Iggy Azalea is the artist on everybody’s radar right now, but did you know that she is as popular as the word “apparent”?
The Australian rapper currently has a hand in the two top tracks on the Billboard Hot 100, a feat that no one has managed since the Beatles back in the 60s. With both “Fancy” and “Problem” as likely candidates for song of the summer, Azalea has catapulted into the mainstream in the past year, hitting the Billboard 200 with her debut album The New Classic. Azalea currently has about 2 million Facebook page likes, 1.4 million followers on Twitter and more than 2.5 million followers on Instagram. But just how popular is Iggy Azalea, and how can word frequency help us better determine what those numbers mean?
The landscape of online popularity can be murky. There are hundreds of thousands of artists struggling to launch a career in the music industry today, and have at their disposal social media tools to reach an audience. But artist popularity increases by the rule of proportionate growth and the distribution of online fans is heavily skewed. About 80% of artists see less than one Facebook page like a day, and close to 90% of all the new page likes and followers in 2013 on Facebook and Twitter, were snagged by the top 1.1% of artists.
Once artists start reaching the kinds of numbers that Iggy Azalea sees, or the millions of fans that Katy Perry, Shakira, Rihanna, or Eminem can boast, it becomes difficult to really process the magnitude of scale. Luckily, we have another tool in our arsenal that can aid with this. In a recent post on the Next Big Sound Maker’s blog, Data Scientist Adam Hajari, points out that word frequency in the English language happens to follow a similar distribution to online popularity for artists. This means we can equate the popularity of an artist on Facebook to how frequently particular words are used in written text.
Hajari writes, “The Eminems and Rihannas of Facebook (i.e. those with over 70 million page likes) are about as popular as words like “it”, “with”, “for”, and “and”. The Black Keys, with a tenth the number of Eminem’s Facebook fans, is about as popular as words like “big”, “every”, and “turn”. Bluegrass prodigy and recent grammy nominee, Sarah Jarosz, is about as popular as the words “plethora” and “consonant”. And the local New York City rock-band-from-the-future The Sky Captains of Industry, with 810 page likes (100% more than the median value), is about as popular as the words “quare” and “pleuritic.”.”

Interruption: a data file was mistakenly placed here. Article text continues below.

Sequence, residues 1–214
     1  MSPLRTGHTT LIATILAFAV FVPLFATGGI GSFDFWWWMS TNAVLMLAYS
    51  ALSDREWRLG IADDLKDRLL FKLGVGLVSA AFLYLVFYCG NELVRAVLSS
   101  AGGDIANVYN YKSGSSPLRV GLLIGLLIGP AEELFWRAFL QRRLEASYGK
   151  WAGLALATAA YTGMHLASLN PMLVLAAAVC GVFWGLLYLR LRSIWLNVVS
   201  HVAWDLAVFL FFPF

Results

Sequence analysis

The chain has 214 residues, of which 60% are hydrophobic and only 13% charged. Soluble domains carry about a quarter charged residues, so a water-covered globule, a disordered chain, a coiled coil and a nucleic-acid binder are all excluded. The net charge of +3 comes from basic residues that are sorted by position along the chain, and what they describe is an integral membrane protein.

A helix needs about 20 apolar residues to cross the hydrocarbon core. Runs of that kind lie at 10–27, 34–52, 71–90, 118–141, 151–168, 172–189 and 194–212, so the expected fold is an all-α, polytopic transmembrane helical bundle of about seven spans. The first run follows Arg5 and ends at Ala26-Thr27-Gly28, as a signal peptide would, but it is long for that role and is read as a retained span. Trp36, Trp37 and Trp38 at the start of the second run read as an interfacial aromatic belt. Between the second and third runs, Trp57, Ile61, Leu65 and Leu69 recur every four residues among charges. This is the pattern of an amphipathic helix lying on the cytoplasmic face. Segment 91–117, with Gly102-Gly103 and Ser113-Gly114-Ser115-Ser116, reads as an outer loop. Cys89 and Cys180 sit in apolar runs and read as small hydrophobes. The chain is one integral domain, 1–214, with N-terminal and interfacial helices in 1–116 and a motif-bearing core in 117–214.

Iggy Azalea, with her 2 million Facebook page likes, is about as popular as the words “apparent,” “bigger,” “vision,” “sick,” and “imply,” all fairly common words. But she wasn’t always this common.
In January of this year, she had about 630,000 page likes, and was as popular as the words “impossible,” “escape,” and “plastic.” This time last year, she had about 230,000 page likes, and was as popular as the words “explode,”"pronunciation,” and “sin.” Familiar words, but not used quite as commonly. At the beginning of 2013, Azalea counted about 123,000 page likes, and was as popular as words like “villa,” “haven,” and “clause.” And way back in the beginning of 2012, when Azalea only had about 10,000 page likes on her page, she was as popular as the words “monastic,” “paroled,” and “slade.” The latter, in case you were wondering, is a small valley, or – the sole of a plow.